Recently, a question came up in our Facebook Group about when it’s okay to start feeding a toddler raw apple. I was surprised by how many people commented but I shouldn’t have been: I know that we all worry about what’s right (and what’s not) when it comes to feeding our little ones. Especially when it comes to food safety.
We did Baby-Led Weaning in our house, so I was always pretty comfortable with letting L try new foods, though there are some textures that are tricky—and even, potentially dangerous. Here are a few tips to help prevent toddlers from choking on food, no matter how experienced they are with eating.
1. Make meals be seated affairs. It’s so hard to get a toddler to sit still, but making sure they are not running around while eating will go along way to making sure they don’t choke.
2. Sit with them during meals. Not every meal may be a family meal, but toddlers still need your attention when they are eating—both so they can learn manners and proper table behavior, and so you are right there if they have trouble eating something.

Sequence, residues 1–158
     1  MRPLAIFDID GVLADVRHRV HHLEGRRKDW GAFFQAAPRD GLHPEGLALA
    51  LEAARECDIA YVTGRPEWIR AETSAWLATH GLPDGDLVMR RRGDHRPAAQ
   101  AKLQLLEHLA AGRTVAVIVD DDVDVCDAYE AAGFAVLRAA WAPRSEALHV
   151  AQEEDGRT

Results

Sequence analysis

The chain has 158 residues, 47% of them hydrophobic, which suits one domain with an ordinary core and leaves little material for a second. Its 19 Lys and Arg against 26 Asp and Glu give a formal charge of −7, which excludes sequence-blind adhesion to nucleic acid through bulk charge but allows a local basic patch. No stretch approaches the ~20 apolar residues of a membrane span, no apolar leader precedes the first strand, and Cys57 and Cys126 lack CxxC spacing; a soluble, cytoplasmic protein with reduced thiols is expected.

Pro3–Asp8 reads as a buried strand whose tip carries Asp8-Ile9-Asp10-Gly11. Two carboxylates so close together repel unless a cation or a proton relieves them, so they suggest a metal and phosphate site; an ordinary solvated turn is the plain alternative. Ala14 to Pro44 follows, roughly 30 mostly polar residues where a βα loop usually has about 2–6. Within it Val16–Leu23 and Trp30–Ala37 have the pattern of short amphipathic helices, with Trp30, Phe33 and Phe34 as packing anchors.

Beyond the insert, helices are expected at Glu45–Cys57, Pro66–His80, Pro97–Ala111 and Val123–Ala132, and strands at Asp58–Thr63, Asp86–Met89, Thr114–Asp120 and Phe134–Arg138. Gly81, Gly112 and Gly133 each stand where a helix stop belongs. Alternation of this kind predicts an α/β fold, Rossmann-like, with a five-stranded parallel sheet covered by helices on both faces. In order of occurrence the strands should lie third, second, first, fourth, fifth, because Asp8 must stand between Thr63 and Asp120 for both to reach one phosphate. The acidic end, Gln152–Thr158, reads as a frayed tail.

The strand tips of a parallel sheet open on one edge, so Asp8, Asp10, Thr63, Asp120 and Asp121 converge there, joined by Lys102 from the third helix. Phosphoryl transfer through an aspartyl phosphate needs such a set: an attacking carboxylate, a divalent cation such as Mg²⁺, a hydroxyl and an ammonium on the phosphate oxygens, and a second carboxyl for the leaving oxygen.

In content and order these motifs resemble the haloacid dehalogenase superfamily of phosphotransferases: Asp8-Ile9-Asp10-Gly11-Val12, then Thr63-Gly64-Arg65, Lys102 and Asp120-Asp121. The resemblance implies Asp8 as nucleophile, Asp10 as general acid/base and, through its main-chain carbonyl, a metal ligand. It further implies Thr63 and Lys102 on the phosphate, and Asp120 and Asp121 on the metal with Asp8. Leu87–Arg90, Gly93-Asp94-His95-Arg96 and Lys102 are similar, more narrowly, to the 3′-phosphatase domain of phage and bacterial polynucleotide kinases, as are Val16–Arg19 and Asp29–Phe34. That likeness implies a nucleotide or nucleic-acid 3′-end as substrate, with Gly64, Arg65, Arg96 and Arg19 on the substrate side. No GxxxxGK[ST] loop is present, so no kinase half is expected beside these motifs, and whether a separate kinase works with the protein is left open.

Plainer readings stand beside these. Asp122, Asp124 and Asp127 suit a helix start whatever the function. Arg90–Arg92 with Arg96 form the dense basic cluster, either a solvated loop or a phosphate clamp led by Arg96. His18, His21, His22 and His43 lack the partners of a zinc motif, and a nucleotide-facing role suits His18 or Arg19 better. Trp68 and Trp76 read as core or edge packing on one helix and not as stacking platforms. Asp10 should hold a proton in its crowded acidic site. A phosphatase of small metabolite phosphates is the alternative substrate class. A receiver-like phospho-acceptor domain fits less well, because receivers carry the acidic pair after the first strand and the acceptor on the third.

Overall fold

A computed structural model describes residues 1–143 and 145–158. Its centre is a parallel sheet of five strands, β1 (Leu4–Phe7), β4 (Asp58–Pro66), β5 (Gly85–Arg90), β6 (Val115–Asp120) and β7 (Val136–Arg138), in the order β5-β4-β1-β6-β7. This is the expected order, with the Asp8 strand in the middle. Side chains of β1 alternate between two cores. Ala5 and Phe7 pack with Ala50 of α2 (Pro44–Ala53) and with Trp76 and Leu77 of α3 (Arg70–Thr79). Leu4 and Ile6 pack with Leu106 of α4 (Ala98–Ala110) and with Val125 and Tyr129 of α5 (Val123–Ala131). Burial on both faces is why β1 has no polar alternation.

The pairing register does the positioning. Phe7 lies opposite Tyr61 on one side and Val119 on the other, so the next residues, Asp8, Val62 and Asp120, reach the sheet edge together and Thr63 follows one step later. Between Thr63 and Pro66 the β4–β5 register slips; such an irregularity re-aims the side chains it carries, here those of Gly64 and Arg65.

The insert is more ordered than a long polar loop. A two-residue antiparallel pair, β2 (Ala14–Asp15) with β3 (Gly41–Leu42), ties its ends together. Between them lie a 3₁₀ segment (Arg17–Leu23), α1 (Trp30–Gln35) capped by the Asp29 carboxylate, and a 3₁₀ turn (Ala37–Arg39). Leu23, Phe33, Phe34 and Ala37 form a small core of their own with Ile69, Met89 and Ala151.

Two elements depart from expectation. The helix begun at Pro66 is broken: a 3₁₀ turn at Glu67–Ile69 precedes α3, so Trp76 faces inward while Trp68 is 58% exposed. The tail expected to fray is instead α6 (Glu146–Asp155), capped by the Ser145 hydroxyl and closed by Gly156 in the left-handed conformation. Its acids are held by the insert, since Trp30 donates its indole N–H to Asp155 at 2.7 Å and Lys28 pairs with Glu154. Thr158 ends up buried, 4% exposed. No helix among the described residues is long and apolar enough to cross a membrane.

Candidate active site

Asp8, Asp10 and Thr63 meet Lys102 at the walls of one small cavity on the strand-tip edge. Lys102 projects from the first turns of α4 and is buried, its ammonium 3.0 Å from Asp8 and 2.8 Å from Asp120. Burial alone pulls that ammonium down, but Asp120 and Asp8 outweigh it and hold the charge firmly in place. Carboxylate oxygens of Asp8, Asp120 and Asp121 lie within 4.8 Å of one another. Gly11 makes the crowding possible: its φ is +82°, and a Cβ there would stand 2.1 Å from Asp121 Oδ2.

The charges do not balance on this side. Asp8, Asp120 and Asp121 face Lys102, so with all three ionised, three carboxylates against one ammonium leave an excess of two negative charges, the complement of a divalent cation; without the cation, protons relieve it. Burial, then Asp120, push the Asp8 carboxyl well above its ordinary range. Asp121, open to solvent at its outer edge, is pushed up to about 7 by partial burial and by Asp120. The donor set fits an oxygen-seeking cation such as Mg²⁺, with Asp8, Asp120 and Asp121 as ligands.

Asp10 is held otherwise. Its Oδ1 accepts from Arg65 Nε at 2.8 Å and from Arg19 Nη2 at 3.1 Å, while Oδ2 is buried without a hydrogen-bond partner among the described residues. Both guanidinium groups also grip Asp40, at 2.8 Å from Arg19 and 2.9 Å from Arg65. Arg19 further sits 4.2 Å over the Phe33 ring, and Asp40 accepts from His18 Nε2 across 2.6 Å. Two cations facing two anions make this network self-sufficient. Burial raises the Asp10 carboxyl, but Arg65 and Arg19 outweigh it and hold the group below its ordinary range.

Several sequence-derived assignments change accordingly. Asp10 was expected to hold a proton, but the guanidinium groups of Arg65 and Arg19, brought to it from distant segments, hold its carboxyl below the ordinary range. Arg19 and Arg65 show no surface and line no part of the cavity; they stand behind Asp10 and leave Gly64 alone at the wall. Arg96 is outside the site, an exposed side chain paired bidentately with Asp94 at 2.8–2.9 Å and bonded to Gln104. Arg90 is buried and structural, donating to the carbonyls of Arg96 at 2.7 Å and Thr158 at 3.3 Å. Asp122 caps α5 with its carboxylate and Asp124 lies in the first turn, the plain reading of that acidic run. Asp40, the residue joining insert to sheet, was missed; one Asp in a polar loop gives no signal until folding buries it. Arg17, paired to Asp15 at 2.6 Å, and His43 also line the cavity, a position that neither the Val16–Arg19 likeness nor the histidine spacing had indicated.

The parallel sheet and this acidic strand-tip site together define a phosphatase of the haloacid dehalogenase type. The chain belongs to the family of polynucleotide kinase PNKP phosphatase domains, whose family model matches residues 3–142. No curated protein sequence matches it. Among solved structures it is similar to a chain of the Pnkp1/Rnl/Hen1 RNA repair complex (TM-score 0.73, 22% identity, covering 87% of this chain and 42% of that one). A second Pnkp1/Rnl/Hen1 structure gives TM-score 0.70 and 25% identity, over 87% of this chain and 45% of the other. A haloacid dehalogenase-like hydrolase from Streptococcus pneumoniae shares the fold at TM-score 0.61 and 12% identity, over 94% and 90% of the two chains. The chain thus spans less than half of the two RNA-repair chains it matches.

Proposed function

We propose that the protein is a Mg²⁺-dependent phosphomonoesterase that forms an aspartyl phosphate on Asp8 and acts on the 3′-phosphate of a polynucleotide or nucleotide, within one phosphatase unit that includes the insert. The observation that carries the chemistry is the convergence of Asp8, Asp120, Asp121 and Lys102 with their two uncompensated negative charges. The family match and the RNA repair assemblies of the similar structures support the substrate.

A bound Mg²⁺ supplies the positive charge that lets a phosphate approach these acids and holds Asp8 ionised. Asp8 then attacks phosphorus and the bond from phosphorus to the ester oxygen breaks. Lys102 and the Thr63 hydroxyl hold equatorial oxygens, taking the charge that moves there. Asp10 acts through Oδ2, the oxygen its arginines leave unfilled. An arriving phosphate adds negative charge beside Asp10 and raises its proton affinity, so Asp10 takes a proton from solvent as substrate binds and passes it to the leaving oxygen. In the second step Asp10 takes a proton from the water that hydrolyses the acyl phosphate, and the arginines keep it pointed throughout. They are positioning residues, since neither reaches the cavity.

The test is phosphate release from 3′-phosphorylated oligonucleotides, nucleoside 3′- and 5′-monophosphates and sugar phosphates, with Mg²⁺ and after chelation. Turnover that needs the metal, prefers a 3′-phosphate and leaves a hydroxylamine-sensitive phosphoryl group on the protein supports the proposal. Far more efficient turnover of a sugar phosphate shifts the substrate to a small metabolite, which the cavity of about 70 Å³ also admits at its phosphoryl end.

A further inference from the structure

3. Try a new food at home before sending it to daycare. Because you want to make sure they do okay with it first. (I really just mean this with foods you are worried about, not a new flavor of yogurt or type of pasta!)
4. Consider skipping super crunchy foods until closer to 3. Toddlers like to do everything fast, which means that they don’t always chew foods thoroughly. Foods like tortilla chips, store-bought roasted chickpeas, and whole nuts can be tricky for them so either opt for slightly softer options or chop/break them up. (I will never forget the time a piece of tortilla chip got stuck in my daughter’s throat when she was 3…and neither will she.)
5. Opt for softer varieties of apples. Choose Gala, Golden Delicious, Macintosh, or Empire apples, which tend to have softer flesh. Cut into tiny chunks, very thin slices, or let them chew on a whole apple, depending on your comfort level.
And as always, follow your gut. If you’re worried about something in particular, cut it up super small (like with grapes) or offer small portions (like a tiny taste of thick nut butter). Every toddler is different, and even two kiddos of the same age can do better or worse with the same foods.
Want to brush up on CPR? Check out this pdf from the Red Cross.